Above: Front of the Specimen Card
Tool making is a defining component in the evolution of human culture and sets us apart from the other creatures on the planet. Early in human history, in the middle of the Paleolithic, a new technological culture developed in North Africa: the Aterians. This group is known today for its advanced techniques and the differentiation of their tools. By studying what the Aterians left behind, we can learn much about how they lived.
Above: A selection of Aterian Tools. Note that sizes, shapes, and colors will vary.
This specimen is a complete Aterian tool as found in North Africa.
Each individual tool is presented inside a classic, glass-topped riker display case measuring 4 1/2" x 3 1/2". A small information card is also enclosed that also serves as the certificate of authenticity.
Please Note: Color, size, and shape varies widely based on each individual stone. As might be expected with stone tools that are many thousands of years old, the condition will also vary as most have been worn over time.
About Aterian Tools and Culture
"A paleolithic group collectively or individually endowed intellectually beyond its contemporaries," ~ Gertrude Caton Thompson
Above: Rock paintings in Tadrart Acacus region of Libya dated from 12,000 BC to 100 AD. There are paintings and carvings of animals such as giraffes and elephants reflecting the dramatic climatic changes in the area. (Source: Luca Galuzzi)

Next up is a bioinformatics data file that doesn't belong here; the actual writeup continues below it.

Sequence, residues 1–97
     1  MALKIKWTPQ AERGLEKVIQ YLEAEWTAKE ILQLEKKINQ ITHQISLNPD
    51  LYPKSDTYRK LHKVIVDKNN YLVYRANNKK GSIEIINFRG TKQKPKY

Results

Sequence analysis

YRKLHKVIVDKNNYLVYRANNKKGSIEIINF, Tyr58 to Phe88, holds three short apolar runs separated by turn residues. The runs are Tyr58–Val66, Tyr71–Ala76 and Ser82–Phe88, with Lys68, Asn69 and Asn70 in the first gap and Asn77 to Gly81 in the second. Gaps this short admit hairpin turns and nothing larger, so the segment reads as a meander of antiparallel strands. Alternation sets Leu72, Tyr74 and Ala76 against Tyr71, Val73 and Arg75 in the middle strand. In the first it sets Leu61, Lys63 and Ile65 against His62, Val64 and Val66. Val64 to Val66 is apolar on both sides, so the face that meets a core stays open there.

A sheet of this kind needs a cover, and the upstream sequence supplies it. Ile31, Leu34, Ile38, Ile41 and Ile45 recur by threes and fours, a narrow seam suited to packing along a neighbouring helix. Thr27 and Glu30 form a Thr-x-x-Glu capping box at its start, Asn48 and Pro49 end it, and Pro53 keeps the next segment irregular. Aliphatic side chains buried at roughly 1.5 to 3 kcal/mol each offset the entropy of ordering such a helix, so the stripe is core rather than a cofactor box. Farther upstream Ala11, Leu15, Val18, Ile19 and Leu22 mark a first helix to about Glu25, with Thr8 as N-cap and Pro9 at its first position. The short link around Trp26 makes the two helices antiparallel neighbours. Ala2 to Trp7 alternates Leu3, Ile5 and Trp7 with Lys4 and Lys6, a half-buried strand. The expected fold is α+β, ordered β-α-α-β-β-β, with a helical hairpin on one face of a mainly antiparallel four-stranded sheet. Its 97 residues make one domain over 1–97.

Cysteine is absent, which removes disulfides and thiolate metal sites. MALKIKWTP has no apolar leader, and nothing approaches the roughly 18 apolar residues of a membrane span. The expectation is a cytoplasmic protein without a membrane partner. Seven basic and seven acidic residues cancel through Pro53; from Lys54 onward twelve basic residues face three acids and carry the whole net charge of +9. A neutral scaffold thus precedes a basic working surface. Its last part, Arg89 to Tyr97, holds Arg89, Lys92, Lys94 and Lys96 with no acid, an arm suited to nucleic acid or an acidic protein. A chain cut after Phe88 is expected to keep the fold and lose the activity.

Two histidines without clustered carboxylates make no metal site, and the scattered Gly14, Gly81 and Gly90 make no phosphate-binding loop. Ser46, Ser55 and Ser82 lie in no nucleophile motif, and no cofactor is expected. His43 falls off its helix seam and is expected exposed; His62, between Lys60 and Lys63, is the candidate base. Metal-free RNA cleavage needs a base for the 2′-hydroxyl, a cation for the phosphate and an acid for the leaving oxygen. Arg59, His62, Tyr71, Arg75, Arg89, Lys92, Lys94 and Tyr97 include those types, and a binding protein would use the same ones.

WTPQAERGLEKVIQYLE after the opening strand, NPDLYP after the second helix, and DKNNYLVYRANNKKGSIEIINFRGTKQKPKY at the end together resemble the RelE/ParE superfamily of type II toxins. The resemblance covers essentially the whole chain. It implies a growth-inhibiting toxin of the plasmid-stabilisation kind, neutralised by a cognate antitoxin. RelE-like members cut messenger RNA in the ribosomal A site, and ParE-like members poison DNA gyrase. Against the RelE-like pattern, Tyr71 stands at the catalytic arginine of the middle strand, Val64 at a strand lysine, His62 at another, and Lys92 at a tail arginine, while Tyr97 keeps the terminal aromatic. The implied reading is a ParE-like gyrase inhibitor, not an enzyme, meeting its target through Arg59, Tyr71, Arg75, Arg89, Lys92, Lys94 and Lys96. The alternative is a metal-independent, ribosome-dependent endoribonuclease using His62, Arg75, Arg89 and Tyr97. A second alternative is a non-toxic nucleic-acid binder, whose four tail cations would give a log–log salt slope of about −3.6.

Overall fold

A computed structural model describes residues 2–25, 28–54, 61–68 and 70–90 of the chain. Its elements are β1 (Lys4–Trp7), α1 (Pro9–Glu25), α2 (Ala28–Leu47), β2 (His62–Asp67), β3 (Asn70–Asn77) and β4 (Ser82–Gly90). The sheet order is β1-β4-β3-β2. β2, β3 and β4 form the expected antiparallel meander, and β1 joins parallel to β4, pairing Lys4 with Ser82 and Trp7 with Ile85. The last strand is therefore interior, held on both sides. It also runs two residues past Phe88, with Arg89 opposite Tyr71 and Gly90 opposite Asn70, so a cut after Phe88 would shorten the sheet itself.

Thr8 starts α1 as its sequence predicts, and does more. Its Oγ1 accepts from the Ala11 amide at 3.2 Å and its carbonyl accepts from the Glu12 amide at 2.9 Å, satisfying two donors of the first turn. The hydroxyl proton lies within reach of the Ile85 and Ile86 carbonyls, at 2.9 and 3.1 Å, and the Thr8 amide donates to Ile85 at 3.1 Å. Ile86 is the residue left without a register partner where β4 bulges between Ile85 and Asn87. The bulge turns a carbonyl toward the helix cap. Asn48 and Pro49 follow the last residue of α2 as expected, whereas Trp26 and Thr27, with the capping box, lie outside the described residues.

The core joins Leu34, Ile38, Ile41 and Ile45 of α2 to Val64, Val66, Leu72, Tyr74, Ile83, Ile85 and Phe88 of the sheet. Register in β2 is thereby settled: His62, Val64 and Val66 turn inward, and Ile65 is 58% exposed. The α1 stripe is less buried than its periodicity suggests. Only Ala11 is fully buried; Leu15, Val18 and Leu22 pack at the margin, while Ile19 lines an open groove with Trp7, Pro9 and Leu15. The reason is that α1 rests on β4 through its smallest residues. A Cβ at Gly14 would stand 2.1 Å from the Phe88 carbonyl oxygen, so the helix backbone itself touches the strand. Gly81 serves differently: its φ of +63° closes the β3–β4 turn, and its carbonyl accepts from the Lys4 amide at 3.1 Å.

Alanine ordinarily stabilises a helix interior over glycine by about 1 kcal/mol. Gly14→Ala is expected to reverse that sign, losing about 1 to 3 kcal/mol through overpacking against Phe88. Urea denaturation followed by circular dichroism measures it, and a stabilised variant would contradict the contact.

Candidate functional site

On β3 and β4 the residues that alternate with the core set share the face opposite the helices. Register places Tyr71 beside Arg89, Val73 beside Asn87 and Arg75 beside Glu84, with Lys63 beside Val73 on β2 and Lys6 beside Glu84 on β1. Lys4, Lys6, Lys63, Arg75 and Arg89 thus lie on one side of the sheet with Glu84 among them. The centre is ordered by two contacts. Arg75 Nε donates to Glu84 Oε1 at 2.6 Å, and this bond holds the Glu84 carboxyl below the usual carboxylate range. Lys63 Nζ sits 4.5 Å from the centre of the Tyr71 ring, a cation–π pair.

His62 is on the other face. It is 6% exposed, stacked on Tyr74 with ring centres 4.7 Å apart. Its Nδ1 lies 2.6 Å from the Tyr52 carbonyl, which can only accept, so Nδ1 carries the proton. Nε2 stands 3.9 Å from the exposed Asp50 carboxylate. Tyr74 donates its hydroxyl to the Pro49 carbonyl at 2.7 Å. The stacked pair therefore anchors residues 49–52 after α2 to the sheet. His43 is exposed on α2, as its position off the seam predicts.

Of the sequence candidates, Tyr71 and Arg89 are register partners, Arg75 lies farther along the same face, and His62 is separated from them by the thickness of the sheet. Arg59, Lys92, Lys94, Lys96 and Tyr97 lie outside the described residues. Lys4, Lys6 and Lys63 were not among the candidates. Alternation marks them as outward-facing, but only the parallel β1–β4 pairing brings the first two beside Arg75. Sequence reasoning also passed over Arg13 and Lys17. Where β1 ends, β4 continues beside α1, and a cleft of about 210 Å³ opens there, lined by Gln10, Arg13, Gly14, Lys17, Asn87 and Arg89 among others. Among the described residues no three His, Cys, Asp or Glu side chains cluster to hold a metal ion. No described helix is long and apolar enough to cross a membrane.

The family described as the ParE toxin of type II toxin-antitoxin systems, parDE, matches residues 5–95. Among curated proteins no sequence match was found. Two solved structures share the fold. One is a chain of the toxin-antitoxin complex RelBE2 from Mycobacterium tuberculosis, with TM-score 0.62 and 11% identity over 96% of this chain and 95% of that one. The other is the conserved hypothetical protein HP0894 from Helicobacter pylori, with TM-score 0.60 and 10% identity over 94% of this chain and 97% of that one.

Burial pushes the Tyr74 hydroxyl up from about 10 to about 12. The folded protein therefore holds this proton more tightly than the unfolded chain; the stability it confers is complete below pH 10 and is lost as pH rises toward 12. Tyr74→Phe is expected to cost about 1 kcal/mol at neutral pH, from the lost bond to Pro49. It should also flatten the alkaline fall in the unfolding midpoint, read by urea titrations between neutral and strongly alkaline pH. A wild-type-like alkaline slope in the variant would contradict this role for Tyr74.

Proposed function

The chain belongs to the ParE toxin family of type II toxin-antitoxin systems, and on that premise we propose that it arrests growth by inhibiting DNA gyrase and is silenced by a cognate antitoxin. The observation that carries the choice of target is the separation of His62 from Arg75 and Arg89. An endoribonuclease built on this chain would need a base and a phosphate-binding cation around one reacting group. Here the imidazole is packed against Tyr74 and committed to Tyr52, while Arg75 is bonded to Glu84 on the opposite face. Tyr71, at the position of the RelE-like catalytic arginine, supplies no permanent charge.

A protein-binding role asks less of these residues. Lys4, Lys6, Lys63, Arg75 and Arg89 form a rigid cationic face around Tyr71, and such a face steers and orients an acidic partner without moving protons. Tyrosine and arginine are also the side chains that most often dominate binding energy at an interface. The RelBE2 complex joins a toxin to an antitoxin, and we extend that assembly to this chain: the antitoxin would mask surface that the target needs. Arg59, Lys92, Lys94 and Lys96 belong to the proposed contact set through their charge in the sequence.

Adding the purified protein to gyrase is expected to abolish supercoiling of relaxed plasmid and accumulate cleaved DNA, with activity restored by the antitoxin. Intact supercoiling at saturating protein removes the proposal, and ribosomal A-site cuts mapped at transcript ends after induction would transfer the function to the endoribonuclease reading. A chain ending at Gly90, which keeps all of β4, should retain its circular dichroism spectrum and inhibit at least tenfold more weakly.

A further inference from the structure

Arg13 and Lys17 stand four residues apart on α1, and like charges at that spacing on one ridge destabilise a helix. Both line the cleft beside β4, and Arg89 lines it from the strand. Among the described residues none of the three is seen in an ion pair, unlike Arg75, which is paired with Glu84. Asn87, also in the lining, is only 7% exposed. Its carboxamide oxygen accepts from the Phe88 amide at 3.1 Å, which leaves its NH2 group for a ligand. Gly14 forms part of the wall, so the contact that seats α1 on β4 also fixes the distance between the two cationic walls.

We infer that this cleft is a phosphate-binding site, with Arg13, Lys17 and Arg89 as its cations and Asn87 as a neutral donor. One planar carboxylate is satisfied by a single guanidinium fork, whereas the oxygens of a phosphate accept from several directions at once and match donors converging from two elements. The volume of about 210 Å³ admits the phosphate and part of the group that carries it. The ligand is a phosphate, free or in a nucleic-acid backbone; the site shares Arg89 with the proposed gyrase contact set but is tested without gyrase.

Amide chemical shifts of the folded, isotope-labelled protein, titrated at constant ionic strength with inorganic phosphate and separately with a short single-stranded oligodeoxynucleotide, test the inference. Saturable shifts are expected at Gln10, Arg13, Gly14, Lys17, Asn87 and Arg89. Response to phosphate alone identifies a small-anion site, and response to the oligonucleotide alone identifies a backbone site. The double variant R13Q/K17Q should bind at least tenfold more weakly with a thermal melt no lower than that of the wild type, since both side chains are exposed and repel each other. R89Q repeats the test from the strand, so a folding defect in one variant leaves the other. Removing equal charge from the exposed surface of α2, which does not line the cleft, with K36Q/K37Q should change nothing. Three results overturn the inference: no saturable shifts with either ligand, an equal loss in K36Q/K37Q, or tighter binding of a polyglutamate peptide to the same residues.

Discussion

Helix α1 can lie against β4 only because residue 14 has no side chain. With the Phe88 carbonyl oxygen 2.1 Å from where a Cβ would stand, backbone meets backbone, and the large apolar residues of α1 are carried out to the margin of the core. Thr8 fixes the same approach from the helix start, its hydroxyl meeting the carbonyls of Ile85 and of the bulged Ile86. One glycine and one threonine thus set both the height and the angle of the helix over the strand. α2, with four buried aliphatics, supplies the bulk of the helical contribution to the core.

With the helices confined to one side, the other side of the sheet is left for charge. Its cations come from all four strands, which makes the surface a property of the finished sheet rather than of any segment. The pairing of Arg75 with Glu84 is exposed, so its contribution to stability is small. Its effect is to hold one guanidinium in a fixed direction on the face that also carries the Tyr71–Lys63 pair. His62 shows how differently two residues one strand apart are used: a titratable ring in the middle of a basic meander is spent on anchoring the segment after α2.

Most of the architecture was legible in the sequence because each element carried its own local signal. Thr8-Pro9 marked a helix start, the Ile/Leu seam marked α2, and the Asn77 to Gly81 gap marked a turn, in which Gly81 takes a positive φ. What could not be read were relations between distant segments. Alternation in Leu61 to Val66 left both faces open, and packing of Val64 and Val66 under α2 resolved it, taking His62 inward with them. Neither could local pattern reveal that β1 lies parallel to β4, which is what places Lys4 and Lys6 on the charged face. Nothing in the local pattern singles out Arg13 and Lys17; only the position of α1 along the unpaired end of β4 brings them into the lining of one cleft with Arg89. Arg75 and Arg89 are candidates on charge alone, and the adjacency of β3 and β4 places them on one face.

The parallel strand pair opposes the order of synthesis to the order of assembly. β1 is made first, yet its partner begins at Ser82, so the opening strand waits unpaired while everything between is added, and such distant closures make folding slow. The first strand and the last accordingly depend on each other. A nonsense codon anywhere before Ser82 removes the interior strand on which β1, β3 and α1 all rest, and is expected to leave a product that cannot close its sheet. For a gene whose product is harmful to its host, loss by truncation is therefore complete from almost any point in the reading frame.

The first tools classified as part of the Aterian culture were found at the Bir el Ater site in Morocco. These stone tools date back as far as 150,000 years old, near the beginning of the last interglacial period. They are most commonly defined by their leaf shape, bifacial workings, and the tang or stem at the back of the tool.
Since any organic material that was a part of the tools like wood or sinew would have decayed over time, we can only study the stone portions of the tools. The tanged stems found on the stones tell us that they were hafted into wooden rods, an advanced technique for the time. The tang is inserted into a handle, giving the tool more leverage and reach. Hafting allowed for larger and more complex tools, as one could have the strength of a stone edge with a handle made of simpler material. This technique could have been used to create spears or even early arrows.
Although some of the Aterian tools were used as weaponry, researchers believe that many were actually scraping and cutting tools for preparing hides, plants, and meat. Some of the more rounded edge tools fall into this category and analysis of these tools show evidence of frequent sharpening and reshaping by the Aterians. This constant upkeep is seen most often in tools that were used for routine tasks, like knives, choppers, and scrapers.
It’s thought that the Aterians gathered resources from a wide variety of sources, drawing on the sea as much as hunting and foraging. For each activity they had different tools and techniques. This differentiation is early evidence of a modern way of human thought, swapping out methods for each situation to improve efficiency. It’s possible that this behavior gave the Aterians an edge over their Neanderthal neighbors in Eurasia. The Aterian stone culture disappeared around 20,000 years ago, but not before expanding beyond North Africa and possibly across the Mediterranean.
Garcea, Elena A. A., editor. “The Spread of Aterian Peoples in North Africa.” South-Eastern Mediterranean Peoples Between 130,000 and 10,000 Years Ago, by Nick Barton et al., Oxbow Books, Oxford; Oakville, 2010, pp. 37–53.
Iovita, Radu. “Shape Variation in Aterian Tanged Tools and the Origins of Projectile Technology: A Morphometric Perspective on Stone Tool Function.” PLoS ONE, vol. 6, no. 12, 2011, doi:10.1371/journal.pone.0029029.
Above: Back of the Specimen Card